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It’s difficult to offer a detailed synopsis of “Running for Grace” without making it sound like something adapted from a young adult novel of recent vintage. Not that there’s anything wrong with that, you understand, but this pleasantly well-crafted period drama actually plays more like a throwback to youth-skewing entertainment of an earlier era. Imagine a Troy Donahue-Sandra Dee teen romance of the early ‘60s with an inoffensive undercurrent of social consciousness, and you’ll have a good idea of what to expect from director David L. Cunningham’s thoroughly predictable but lightly enjoyable tale of love and prejudice in 1920s Hawaii.
During this period in the Kona Coffee Belt, the lines between Japanese immigrant laborers and members of the mostly-white power structure are rigidly maintained. Jo (played as a child by Cole Takiue), an orphan of mixed-race lineage, finds himself ostracized by both groups until Doc (Matt Dillon), a white doctor from the mainland, is hired as a physician for workers on the plantation owned by the autocratic — and, yes, you guessed it, racist — Danielson (Nick Boraine).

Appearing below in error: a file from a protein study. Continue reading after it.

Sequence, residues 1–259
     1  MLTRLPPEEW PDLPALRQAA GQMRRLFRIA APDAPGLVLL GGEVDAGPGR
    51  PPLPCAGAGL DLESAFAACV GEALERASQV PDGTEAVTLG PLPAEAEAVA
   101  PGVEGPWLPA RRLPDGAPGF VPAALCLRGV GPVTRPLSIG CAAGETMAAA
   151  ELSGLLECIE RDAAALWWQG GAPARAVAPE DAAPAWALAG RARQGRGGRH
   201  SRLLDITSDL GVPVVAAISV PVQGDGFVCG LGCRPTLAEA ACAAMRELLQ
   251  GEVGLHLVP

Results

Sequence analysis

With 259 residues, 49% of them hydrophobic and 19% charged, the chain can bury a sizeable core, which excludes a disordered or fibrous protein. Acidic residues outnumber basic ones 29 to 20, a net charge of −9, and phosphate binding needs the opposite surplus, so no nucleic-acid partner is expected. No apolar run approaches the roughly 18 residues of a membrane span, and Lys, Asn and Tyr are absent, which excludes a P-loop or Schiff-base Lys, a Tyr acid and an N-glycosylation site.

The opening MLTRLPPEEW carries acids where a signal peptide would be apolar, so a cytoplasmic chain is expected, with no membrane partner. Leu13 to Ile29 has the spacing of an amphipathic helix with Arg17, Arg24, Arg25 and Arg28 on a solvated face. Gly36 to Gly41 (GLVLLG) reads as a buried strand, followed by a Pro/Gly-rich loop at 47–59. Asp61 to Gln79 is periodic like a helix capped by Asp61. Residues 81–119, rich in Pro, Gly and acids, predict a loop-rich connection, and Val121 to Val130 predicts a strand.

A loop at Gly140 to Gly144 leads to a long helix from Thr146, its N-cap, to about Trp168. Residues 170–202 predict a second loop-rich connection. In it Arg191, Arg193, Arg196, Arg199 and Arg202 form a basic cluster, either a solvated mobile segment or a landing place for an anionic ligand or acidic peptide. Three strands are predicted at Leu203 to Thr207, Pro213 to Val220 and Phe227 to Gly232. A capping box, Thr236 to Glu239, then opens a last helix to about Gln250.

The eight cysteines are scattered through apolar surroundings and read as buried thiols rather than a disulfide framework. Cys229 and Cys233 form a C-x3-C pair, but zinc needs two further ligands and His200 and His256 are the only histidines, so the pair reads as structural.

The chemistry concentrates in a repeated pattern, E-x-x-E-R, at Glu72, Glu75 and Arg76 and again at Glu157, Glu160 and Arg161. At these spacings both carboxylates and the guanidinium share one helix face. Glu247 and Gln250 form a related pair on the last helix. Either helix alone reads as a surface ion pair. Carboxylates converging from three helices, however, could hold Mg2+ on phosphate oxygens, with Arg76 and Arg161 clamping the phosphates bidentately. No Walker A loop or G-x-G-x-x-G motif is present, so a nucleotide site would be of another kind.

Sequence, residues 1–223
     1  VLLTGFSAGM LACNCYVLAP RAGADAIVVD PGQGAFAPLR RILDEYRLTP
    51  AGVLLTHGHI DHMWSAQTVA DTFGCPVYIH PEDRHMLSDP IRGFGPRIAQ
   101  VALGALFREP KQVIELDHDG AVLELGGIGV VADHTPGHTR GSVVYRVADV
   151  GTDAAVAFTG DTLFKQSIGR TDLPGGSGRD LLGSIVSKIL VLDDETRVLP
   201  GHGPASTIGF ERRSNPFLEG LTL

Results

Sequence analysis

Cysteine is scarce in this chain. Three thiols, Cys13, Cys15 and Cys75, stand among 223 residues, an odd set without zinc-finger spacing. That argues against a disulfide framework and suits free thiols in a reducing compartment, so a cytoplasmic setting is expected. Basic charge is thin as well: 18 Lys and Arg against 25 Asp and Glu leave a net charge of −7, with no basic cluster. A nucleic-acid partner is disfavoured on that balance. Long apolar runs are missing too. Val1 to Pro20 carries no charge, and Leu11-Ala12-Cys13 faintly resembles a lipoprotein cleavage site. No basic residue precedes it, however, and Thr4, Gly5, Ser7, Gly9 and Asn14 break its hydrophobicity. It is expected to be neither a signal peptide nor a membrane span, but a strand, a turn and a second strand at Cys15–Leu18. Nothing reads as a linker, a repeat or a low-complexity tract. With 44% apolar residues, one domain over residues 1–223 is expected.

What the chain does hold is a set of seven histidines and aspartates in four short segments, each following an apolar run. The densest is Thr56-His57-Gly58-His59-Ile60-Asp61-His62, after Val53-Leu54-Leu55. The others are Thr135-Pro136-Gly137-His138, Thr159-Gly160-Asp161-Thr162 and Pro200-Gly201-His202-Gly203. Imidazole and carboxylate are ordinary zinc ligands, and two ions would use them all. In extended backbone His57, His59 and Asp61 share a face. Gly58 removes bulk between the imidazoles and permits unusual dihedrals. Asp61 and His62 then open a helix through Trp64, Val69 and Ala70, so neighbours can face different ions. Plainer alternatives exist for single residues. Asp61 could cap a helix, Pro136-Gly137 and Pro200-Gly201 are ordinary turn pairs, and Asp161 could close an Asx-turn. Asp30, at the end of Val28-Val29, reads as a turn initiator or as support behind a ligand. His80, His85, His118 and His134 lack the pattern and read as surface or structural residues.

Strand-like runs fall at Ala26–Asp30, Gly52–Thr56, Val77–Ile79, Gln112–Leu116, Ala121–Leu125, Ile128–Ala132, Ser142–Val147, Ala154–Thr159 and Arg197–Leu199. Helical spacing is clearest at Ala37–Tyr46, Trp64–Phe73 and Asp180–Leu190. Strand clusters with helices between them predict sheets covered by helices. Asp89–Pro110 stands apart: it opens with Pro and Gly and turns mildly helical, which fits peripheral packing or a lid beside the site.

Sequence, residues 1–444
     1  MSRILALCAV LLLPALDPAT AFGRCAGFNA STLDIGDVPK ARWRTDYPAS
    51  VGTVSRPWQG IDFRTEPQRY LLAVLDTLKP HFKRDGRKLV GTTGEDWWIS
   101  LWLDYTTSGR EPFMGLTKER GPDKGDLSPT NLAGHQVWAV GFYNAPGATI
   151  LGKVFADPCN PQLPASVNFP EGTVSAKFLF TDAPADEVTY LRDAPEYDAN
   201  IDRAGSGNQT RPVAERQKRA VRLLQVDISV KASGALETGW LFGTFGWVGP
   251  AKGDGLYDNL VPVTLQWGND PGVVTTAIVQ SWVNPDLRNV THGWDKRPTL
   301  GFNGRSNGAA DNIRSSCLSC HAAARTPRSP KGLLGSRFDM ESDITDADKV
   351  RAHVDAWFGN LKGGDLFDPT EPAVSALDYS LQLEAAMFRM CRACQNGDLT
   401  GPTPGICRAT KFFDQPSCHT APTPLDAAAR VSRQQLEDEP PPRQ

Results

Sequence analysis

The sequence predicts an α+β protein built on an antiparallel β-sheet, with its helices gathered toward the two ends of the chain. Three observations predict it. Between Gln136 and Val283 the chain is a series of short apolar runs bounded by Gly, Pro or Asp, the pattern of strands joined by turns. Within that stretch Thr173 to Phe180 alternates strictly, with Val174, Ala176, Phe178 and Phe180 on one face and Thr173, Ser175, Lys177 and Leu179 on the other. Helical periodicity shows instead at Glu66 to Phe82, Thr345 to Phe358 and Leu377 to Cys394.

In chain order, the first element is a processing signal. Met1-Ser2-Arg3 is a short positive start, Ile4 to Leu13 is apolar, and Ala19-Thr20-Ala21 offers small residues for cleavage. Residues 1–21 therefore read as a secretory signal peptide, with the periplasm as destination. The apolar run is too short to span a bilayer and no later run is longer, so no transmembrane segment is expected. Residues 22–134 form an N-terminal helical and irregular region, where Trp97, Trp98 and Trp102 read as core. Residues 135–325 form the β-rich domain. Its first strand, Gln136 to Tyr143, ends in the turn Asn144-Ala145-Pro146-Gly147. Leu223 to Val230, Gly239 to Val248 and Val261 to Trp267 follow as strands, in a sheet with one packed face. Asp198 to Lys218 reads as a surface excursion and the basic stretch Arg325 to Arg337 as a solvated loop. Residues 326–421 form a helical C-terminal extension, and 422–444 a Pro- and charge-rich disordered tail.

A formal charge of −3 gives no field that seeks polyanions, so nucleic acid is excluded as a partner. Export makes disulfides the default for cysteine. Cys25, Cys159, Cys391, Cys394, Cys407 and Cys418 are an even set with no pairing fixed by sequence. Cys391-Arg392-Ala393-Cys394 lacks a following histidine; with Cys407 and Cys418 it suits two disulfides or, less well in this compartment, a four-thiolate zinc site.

Doc - Jo - Integrity - Laws - Prevent
Doc unofficially adopts Jo (so-called “racial integrity laws” prevent his officially becoming the boy’s father) and employs him as a long-distance runner to deliver medicine to the coffee pickers. As Joe grows into young adulthood, and the role is assumed by Ryan Potter, Jo takes on additional responsibilities. He feels sufficiently competent to fill in for the absent Doc when Grace (Olivia Ritchie), Danielson’s lovely daughter, conveniently sprains her ankle. A house call sparks a mutual attraction.
Fortunately, Danielson doesn’t notice the budding romance, perhaps because he’s too...
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